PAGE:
When dogs and cats around New Port Richey are down on their luck, they might end up at the SPCA Suncoast. But now, after serving the community for over 50 years, it's the shelter that needs saving.
"It's breaking our hearts. It's very sad," says Dee Ford, the President of the shelter's Board of Directors.
Ford took over as President about a year ago, which is when she realized just how bad the financial situation is.
"I said, 'Oh my Lord,' you know? This isn't good," says Ford.
The non-profit pet shelter doesn't get money from county, state or federal governments, or even from the national SPCA organization. Ford says they rely on donations, which are down dramatically from years past so far in 2017.
"A lot of good people donate food to us. They donate cleaning supplies. I don't know where we would be without them," Ford tells ABC Action News.
Ford says, in the past, donation funds may have been taken for granted, and so there wasn't much saved up.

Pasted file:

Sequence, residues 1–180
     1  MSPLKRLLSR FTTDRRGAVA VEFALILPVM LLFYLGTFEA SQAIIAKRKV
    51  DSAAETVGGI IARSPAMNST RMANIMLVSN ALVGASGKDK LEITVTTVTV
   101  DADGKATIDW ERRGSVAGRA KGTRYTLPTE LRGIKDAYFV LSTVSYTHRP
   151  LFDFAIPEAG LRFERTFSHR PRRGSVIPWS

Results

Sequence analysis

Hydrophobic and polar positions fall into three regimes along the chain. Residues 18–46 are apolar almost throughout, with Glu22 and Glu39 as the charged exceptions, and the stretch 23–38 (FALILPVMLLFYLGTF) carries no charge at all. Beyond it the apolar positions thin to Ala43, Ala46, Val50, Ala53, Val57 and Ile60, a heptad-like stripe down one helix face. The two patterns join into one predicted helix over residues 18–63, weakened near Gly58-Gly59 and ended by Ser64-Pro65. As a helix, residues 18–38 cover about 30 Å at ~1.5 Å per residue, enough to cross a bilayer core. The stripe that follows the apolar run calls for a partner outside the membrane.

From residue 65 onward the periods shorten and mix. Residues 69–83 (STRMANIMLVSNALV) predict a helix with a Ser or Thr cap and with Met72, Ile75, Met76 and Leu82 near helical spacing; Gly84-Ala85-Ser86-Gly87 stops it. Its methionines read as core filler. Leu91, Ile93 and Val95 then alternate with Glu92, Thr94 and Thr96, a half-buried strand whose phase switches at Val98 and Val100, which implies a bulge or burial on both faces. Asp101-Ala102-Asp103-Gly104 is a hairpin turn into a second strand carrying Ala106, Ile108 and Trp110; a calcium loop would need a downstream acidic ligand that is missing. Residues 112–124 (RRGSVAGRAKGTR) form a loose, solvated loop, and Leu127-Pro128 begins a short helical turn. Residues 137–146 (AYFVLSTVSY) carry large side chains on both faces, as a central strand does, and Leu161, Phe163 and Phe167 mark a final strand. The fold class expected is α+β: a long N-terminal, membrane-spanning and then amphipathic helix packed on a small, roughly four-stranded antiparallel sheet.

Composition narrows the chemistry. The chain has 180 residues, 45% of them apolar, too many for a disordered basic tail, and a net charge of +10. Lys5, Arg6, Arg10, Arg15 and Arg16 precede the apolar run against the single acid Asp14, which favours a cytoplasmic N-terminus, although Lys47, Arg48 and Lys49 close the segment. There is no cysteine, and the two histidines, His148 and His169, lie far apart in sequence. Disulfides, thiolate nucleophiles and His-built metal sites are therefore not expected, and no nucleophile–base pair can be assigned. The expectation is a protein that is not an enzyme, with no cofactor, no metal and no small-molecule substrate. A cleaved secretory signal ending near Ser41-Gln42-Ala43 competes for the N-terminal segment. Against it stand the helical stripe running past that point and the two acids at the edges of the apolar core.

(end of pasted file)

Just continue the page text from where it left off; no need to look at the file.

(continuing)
She says they are working these days with a very strict budget, and hope to do more community outreach.
"We also have a new shelter manager who is absolutely motivated to work with the community which we haven't done enough of," says Ford. "We need to work with the community and show them what we do here."
What they do, in addition to spay and neuter surrendered or abandoned animals, is commit to what they say is a "no-kill policy" while employing 6 people full-time.
And right now they are caring for about 40 dogs and about 80 cats.
Shelter Manager Justin Edwards says he is finding no-cost alternatives -- like zip-tied fencing and leashes for locks -- because the shelter doesn't have the money right now to replace broken or rusted cages.
Ford tells ABC Action News they need at least $25,000 to keep the lights on for another month or two.